Learn / What Is the 13th Step of AA?
While there are only 12 official steps in Alcoholics Anonymous (AA), you might hear about an unofficial “13th Step.” This term refers to a romantic or sexual relationship between an AA veteran and a new member.
Even if your feelings are real, these relationships can be very harmful. People just joining AA are typically in the early stages of sobriety. This is a vulnerable time. Long-term AA members can easily take advantage of newcomers, whether they mean to or not.
You have the right to feel safe in your recovery. If an AA member makes you uncomfortable, check in with your support network. This might include your therapist, your sponsor, or other AA members with whom you have a trusting relationship.
The 13th Step isn’t just about sex.1 There’s a power imbalance between people in different stages of healing. AA veterans often have authority within their group, especially over new members. By dating or having sex with people in early recovery, 13th Steppers take advantage of their position.
Many people are vulnerable when they first join AA.2 If drinking has damaged your past relationships, you might be socially isolated. At the same time, most AA newcomers are still learning how to set healthy boundaries. So you might turn to long-term members for advice and emotional support.
At first, 13th Steppers may seem like trustworthy role models—and many veteran AA members have the best intentions. But others use 12-Step meetings to look for newcomers they can pursue. And because most 12-Step groups are relatively informal,3 it can be hard to hold members accountable.
It’s important to note that anyone can be a 13th Stepper.4 The term refers to the power dynamic between long-term and recent sobriety. Age, gender and other aspects of identity can add to a 13th Stepper’s apparent authority.
While some 13th Steppers actively prey on people who are new to the program, these dynamics aren’t always black and white. For example, some experienced AA members may feel genuinely attracted to a new member. And for many people in recovery, it’s easier to date people who share your history of addiction. It could even seem like starting an intimate relationship within AA will support your healing process.
However, 13th Stepping isn’t that simple. It puts AA veterans in a sponsor-like role that can boost their self-esteem. It can also make newcomers feel indebted to their partners. Often, these dangers outweigh any potential benefits.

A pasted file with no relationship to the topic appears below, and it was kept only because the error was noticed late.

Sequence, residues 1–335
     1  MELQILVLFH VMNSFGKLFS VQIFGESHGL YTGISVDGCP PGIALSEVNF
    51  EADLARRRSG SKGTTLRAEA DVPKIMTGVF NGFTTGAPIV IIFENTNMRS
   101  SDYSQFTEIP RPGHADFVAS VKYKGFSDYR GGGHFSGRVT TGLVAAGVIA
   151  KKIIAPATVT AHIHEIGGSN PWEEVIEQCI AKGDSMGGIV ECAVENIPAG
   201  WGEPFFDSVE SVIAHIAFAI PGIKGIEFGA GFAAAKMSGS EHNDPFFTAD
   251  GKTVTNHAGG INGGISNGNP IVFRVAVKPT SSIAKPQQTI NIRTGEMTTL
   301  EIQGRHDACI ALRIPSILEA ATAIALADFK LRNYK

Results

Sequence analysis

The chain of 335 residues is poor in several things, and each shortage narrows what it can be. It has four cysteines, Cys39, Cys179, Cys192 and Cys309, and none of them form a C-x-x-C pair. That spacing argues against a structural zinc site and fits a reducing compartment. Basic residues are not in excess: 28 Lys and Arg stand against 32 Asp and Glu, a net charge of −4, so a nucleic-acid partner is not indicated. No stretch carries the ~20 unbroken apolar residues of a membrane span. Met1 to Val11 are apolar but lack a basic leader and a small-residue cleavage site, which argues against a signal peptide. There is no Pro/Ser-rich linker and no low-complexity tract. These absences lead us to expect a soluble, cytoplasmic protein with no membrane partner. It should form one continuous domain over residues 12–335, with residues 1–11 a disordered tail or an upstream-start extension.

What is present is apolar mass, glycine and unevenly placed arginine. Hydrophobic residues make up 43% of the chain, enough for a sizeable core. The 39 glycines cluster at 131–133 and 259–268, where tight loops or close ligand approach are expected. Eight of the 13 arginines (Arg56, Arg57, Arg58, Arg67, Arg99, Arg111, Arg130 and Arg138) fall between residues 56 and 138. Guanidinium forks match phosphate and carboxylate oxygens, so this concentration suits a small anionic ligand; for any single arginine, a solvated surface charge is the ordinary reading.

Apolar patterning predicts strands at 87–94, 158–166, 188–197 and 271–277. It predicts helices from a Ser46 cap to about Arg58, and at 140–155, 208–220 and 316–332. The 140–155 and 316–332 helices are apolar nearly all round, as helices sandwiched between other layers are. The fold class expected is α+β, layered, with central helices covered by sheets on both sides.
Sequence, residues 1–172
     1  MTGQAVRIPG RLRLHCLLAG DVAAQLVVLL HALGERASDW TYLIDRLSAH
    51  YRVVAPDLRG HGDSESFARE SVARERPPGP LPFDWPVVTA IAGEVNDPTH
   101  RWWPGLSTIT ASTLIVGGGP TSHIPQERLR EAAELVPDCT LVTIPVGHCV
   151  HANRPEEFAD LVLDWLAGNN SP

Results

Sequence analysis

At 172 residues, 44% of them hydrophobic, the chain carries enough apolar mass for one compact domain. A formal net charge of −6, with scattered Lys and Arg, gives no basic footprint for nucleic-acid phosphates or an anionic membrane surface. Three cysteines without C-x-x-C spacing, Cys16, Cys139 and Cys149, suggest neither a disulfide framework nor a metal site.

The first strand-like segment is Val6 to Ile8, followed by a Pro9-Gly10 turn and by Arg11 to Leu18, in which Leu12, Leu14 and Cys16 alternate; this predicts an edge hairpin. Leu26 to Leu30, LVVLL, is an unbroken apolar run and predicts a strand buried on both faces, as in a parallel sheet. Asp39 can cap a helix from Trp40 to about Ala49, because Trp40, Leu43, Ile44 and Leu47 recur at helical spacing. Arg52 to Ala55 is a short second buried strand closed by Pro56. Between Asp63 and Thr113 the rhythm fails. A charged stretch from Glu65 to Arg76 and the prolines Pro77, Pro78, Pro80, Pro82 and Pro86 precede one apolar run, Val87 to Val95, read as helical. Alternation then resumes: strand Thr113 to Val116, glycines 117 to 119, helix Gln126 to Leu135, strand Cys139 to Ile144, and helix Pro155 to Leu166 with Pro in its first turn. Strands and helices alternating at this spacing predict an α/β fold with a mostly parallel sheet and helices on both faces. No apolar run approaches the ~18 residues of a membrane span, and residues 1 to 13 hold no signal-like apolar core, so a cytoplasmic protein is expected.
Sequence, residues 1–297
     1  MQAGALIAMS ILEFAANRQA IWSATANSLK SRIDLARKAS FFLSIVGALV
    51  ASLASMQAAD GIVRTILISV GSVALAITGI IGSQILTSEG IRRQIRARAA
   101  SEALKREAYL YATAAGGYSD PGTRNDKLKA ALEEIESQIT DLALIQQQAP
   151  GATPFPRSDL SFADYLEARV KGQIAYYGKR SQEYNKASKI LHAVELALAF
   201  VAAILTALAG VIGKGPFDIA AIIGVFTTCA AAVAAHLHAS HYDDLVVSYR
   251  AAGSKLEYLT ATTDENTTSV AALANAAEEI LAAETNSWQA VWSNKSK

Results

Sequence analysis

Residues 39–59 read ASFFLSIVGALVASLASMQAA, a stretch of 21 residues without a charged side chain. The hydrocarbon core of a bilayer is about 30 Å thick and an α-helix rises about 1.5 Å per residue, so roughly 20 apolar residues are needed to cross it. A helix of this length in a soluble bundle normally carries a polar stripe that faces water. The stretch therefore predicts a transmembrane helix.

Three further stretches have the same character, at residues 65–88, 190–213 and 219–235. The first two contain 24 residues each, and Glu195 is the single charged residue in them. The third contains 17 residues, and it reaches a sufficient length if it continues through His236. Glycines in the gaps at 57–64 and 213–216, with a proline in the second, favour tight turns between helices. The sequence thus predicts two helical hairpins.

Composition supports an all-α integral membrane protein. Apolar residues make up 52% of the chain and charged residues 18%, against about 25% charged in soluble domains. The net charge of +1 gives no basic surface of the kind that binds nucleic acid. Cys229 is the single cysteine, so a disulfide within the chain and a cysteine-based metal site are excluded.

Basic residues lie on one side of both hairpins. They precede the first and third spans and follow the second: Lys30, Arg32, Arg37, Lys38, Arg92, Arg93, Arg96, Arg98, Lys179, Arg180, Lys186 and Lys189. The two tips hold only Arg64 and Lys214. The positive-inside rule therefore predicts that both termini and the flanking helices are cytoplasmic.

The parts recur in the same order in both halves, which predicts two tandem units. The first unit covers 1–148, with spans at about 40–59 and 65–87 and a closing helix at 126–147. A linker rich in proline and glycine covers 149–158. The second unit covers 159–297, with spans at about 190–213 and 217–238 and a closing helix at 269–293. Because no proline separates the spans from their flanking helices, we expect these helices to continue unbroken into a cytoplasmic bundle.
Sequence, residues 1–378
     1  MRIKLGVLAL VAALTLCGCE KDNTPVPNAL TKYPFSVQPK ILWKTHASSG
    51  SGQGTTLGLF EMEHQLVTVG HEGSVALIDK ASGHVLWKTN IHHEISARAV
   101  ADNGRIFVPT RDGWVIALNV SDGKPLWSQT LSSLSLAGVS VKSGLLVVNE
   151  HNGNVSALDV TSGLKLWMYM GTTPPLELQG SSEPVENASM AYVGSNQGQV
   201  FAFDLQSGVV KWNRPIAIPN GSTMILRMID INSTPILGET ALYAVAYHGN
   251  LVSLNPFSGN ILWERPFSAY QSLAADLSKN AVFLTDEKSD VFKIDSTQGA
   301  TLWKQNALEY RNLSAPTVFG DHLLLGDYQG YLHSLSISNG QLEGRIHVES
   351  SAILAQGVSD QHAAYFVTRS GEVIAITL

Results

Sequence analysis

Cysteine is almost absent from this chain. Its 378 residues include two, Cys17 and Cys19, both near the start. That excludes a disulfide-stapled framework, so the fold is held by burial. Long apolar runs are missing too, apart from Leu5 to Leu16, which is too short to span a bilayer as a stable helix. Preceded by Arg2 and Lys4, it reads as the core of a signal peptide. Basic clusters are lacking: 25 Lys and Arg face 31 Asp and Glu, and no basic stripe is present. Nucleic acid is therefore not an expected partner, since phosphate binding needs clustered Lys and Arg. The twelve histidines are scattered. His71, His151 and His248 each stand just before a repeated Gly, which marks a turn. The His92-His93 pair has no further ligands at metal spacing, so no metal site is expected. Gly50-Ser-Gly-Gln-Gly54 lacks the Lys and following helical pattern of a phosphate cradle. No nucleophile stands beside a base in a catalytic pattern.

If you’ve been sober for some time, you might be able to date someone with a similar history. When you meet on equal terms, the power dynamics of the 13th Step may not apply. But any romance within AA can still affect your recovery. Even relationships between peers can end dramatically. In that case, seeing each other at meetings could be painful. If you decide to date someone else in recovery, it’s safer to make sure each of you has your own sober support network.
When you’re new to the 12 Steps, AA meetings are a place to find support, solace and community. The 13th Step has the opposite effect. When veterans prey on newcomers, dating in early recovery can increase your risk of relapse.5
It’s standard advice in AA to abstain from starting a new romantic relationship6 for the first year of recovery. During that time, it’s essential to focus on yourself. New sexual relationships take up a lot of time and energy. As comforting as that can be, they also distract you from healing.
Even positive relationships increase stress, which is a major contributor to relapse.7 And going through a breakup is even more stressful. It can also jeopardize your emotional safety within your AA group.
13th Stepping is predatory. When AA veterans make sexual advances, they put unfair pressure on new members. The new person might feel like if they say no, they’ll have to leave the group. That cuts them off from valuable community support.
13th Stepping isn’t only distracting and isolating; it can also cause outright harm. There are documented cases of predatory AA veterans assaulting newcomers. Monica Richardson’s film The 13th Step8 describes many of these cases, exposing how some AA members take advantage of people in early recovery.